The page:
Every month our body, and especially the uterus, prepares for a possible pregnancy. If this does not happen, the uterus sheds all its internal lining and what is known as menstruation is originated; vaginal bleeding is quite normal in women from 12 years old to 50 years old.
This menstrual cycle usually brings with it a series of symptoms, which are quite normal as long as they do not interfere with your daily routine.
Join me to find out what these symptoms are.
Common symptoms that often occur during your menstrual period.
You feel a slight pain in your lower back.
A fairly common symptom during the menstrual period is a slight pain in the lower back. This discomfort is caused by prostaglandin, which is a chemical produced in the woman 's body.
During the menstrual period, the tissue lining the uterus releases this substance. This causes the muscles to contract so that the uterus can shed its lining, thus producing bleeding.
You feel burning and swelling in your breasts.
Another symptom which frequently appears before and during the menstrual period is breast tenderness and swelling. Changes in hormone levels are responsible for causing this pain.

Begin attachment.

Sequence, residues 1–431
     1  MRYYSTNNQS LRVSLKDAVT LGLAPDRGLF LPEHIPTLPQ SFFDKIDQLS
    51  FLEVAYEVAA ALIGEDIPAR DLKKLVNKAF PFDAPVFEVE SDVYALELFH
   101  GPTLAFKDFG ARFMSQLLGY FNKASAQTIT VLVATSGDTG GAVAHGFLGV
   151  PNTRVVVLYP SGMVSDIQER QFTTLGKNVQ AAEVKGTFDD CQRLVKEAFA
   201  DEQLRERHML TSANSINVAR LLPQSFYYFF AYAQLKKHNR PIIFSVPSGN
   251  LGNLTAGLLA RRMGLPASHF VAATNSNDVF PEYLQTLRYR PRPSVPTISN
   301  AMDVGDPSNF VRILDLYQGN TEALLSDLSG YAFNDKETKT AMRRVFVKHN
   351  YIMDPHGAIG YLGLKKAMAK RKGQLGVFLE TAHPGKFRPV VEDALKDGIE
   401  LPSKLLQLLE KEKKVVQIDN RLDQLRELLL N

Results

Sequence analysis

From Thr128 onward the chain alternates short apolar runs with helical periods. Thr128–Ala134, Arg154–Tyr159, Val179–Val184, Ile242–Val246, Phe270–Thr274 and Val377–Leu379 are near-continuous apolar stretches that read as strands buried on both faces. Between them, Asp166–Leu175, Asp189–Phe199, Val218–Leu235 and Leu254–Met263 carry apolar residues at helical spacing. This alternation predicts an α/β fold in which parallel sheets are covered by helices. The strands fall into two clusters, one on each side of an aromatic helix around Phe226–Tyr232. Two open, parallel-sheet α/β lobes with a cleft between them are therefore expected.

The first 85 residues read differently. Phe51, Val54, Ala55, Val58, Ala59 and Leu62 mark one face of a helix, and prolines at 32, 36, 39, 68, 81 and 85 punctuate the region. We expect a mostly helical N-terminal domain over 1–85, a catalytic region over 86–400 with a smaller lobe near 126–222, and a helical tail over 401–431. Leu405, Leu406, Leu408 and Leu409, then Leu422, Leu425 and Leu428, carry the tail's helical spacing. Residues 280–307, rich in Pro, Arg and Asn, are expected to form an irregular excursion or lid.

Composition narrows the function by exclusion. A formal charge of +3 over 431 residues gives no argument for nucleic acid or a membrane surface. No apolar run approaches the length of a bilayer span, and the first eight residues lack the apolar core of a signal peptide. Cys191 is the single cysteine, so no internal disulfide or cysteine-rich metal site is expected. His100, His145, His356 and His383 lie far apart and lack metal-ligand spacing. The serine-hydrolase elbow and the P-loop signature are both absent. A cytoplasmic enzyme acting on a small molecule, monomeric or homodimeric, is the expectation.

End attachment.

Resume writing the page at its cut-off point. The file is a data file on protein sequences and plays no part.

During the menstrual cycle estrogen and progesterone are the female hormones responsible for preparing your reproductive system including your breasts for a possible pregnancy.
Estrogen causes a slight increase in your mammary glands. Progesterone causes swelling in the mammary glands. These changes result in a slight pain or burning in the breasts.
You have mood swings.
During your menstrual period many changes occur in your body, especially in some neurotransmitters and hormones which are responsible for modifying your mood.
Hormones such as estrogen and progesterone are produced from our ovaries and are capable of modifying various neurotransmitters such as serotonin, noradrenaline, endorphins and others.
All these changes bring with them multiple psychological changes that can result in depression, sadness, anxiety or loneliness.
Headache and tiredness.
Many headaches are often related to hormonal changes that occur during the menstrual period.
Again, estrogen and progesterone, in addition to producing important changes during the menstrual cycle and pregnancy, are also capable of affecting the chemicals in the brain that generate headaches.
It is normal.
As you may have noticed, there are multiple symptoms that you may have when you have your period, but this is absolutely normal. However, it is very important that when you have symptoms that limit your daily activities, go immediately to the doctor. Maybe something else is going on in your body and you need medical attention.